The Campaign Papers
I n the course of more than a year's reporting, we gathered a large number of confidential memoranda and other documents from the various campaigns. In the pages that follow, we have reproduced a number of them, those which struck us as most interesting to a general reader. They appear in chronological sequence, almost all in excerpted form; to publish our entire archive whole would require a second volume about as large as this one. In editing them, we have made every effort to preserve the integrity of the thoughts and arguments as the various authors intended them to be presented; we have limited our cuts to what we thought redundant or of marginal utility as part of the record of the 1992 campaign.
We published a comparable sampling in the 1984 book in this series and were sometimes surprised at the uses made of them by journalists and scholars. In the age of the handler, there is an unfortunate tendency to impute too much authority to strategy and polling memos, as if their arguments were commands punched into a computer rather than recommendations made to a living, breathing candidate with his own ideas and his own vanities and frailties. If a document exists, in this reading, it must have been obeyed.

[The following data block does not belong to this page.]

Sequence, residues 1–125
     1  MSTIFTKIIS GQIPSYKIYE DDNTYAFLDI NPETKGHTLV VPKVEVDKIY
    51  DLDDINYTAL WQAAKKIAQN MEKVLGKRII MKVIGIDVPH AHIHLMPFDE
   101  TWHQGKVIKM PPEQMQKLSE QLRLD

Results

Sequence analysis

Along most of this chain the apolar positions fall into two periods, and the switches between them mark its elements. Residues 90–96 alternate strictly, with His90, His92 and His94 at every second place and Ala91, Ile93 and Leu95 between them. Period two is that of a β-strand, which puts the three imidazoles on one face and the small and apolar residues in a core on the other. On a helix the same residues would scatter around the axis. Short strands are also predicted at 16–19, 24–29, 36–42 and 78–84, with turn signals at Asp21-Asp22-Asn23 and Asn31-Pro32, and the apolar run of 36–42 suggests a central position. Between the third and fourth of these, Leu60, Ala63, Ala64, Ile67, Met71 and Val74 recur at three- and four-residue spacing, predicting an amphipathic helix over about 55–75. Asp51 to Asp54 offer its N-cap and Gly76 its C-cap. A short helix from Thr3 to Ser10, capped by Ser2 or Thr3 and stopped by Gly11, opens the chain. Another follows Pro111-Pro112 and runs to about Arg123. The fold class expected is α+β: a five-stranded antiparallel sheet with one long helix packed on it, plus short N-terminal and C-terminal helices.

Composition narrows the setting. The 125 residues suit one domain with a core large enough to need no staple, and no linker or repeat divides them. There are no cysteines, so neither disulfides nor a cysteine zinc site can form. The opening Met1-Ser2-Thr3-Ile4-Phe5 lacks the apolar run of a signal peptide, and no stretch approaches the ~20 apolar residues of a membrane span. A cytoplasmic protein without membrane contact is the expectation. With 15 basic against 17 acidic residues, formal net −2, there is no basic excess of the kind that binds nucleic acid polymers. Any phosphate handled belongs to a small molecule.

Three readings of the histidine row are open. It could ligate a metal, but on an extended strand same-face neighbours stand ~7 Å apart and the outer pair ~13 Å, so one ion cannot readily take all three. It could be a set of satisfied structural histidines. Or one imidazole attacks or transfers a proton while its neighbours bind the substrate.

A number of caveats should therefore be attached to this collection, first among them that the documents should not be read as a certain guide to what actually happened in the campaign or which advisers played the decisive roles. Instead, they reflect the thoughts, the brainstorms, and sometimes the frustrations of particular players at particular moments in the campaign. Politics runs more on the spoken than the written word, and some of its leading practitioners rarely if ever find it necessary to set their thoughts to paper. Polltakers, whose trade and habits of mind require it, are usually the most prolific authors; managers and strategists often are not. The reader who has got this far knows that James Baker, for one prominent example, and James Car